Archive for the ‘race & ethnicity’ Category
Book Review: Is Marriage for White People? How the African American Marriage Decline Affects Everyone by Ralph Richards Banks
BY: KATHLEEN S. PETERS
Is Marriage for White People? How the African American Marriage Decline Affects Everyone provides a historical and sociological analysis of the declining marriage rates in the African American community. The first book by Stanford Law professor Ralph Richard Banks, Is Marriage focuses specifically on middle-class African American women and discusses why, of all Americans, this group is the least likely to marry and the most likely to divorce. Through sociological studies and numerous interviews with professional African American women, Banks narrows down what he sees as the main problems in African American relationships and offers some suggestions for future action to remedy these trends. While he raises some interesting points and seemed to do his homework as far as statistics, Banks sorely lacks a deeper analysis of the issues he discusses, especially with regards to gender.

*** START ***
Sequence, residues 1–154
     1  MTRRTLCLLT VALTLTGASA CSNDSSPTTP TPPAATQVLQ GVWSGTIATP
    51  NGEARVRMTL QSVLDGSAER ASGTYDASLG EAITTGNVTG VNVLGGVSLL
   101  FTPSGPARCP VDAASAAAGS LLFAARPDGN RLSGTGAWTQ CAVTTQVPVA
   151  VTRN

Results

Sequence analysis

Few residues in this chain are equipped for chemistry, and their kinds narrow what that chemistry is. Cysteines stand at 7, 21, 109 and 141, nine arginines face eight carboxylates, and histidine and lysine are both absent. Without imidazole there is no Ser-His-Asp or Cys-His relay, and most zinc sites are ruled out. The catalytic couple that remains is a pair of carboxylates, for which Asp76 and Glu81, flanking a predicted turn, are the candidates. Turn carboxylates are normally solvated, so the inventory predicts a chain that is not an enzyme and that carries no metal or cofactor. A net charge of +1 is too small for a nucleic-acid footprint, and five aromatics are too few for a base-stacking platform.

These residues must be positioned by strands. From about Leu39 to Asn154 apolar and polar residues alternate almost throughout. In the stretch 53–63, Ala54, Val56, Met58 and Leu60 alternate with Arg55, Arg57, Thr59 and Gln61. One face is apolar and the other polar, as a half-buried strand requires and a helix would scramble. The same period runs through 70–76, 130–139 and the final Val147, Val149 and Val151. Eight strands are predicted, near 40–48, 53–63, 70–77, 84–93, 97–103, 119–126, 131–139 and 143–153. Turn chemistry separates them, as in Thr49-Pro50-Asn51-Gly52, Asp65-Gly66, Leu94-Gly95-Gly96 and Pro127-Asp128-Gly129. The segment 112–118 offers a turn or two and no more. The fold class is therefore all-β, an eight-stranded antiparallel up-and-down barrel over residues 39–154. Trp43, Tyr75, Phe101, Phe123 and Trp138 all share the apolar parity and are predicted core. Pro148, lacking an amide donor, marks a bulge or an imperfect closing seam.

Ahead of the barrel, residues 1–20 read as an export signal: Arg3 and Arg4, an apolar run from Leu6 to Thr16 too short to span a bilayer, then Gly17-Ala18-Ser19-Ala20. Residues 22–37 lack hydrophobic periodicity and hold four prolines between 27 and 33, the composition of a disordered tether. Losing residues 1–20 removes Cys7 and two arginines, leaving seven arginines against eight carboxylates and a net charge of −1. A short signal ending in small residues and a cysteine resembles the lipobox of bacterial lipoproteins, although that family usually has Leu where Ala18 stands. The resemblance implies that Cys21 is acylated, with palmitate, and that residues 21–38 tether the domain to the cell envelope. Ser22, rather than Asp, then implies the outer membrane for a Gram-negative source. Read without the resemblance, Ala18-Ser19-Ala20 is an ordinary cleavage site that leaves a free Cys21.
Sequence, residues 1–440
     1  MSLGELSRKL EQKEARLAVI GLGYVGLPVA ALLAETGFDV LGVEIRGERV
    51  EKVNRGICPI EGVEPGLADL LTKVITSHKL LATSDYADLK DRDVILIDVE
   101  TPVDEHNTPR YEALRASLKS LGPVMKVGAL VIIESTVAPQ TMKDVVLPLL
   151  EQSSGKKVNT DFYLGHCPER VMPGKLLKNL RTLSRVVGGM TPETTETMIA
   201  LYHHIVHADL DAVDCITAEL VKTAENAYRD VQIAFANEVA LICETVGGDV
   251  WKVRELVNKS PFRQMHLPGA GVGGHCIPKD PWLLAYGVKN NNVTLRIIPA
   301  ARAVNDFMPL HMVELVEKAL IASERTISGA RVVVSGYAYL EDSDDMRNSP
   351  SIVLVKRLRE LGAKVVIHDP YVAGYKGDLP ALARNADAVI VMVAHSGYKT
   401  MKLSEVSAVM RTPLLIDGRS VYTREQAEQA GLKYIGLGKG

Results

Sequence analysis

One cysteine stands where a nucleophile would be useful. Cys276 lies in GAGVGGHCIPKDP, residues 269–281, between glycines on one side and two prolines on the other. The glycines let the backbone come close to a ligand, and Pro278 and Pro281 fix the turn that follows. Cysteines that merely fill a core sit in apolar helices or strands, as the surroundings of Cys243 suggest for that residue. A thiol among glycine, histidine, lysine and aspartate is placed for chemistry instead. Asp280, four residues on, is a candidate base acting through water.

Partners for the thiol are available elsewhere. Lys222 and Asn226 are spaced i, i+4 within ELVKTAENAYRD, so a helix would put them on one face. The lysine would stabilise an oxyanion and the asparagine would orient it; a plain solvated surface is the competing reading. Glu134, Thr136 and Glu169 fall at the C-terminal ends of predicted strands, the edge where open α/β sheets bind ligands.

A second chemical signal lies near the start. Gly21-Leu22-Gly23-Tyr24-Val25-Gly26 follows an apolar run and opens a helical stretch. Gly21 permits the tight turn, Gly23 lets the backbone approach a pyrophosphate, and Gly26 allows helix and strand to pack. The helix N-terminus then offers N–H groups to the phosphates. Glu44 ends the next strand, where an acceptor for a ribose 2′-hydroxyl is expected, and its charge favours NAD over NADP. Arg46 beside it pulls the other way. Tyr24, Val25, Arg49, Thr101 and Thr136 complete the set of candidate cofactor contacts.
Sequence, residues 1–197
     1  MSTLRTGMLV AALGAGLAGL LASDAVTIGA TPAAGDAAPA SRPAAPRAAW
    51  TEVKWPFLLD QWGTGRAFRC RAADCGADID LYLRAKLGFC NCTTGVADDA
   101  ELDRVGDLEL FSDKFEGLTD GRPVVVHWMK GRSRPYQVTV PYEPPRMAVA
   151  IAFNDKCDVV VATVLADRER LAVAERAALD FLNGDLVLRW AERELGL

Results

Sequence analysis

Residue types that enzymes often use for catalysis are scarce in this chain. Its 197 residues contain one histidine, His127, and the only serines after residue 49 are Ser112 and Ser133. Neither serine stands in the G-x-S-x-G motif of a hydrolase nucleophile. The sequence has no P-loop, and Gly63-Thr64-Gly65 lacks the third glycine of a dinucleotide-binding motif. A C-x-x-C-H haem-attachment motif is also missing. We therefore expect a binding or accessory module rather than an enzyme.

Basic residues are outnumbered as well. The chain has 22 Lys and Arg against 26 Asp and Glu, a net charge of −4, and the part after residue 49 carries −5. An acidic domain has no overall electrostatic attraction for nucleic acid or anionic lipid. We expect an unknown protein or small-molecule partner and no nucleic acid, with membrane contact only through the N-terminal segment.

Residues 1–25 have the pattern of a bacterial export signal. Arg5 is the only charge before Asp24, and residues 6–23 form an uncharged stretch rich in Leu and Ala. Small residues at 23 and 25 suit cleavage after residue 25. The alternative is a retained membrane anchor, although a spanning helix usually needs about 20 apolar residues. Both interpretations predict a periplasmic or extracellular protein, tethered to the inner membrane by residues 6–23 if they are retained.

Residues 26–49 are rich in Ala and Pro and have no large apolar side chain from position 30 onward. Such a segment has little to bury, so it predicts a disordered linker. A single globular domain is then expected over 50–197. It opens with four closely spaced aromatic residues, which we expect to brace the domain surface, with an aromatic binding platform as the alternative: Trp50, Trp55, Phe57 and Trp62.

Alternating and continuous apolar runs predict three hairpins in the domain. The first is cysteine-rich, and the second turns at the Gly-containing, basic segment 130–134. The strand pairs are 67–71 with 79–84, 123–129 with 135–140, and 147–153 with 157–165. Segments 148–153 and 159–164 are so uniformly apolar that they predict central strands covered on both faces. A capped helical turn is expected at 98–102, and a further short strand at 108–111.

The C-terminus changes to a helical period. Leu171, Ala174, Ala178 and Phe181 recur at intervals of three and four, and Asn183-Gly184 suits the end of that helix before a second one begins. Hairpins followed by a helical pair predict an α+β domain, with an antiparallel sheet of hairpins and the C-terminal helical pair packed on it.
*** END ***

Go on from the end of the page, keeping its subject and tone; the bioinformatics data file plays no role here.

Banks organizes his book fairly thematically, covering a wide range of topics and their effects on African American marriages and relationships. One such topic is the educational gap within the African American community. Banks discusses how African American women finish high school and college at higher rates than African American men and how this leads to not only different values being placed on education, but also disparities in income between the genders. While in other racial groups men’s income still exceeds that of women, Banks states that on average this is the opposite for African Americans (Banks 40). Banks also points out the horrifically high incarceration rates and mortality rates of Black men, and how this phenomenon not only breaks up African American marriages but decreases the number of available Black men. Another one of Banks’ stronger chapters discusses fears and concerns some Black women have of interracial relationships, particularly with white men. He brings up not only the cultural and family expectations that Black women will date only Black men, but also fears that white men would be dating Black women for the wrong reasons (152).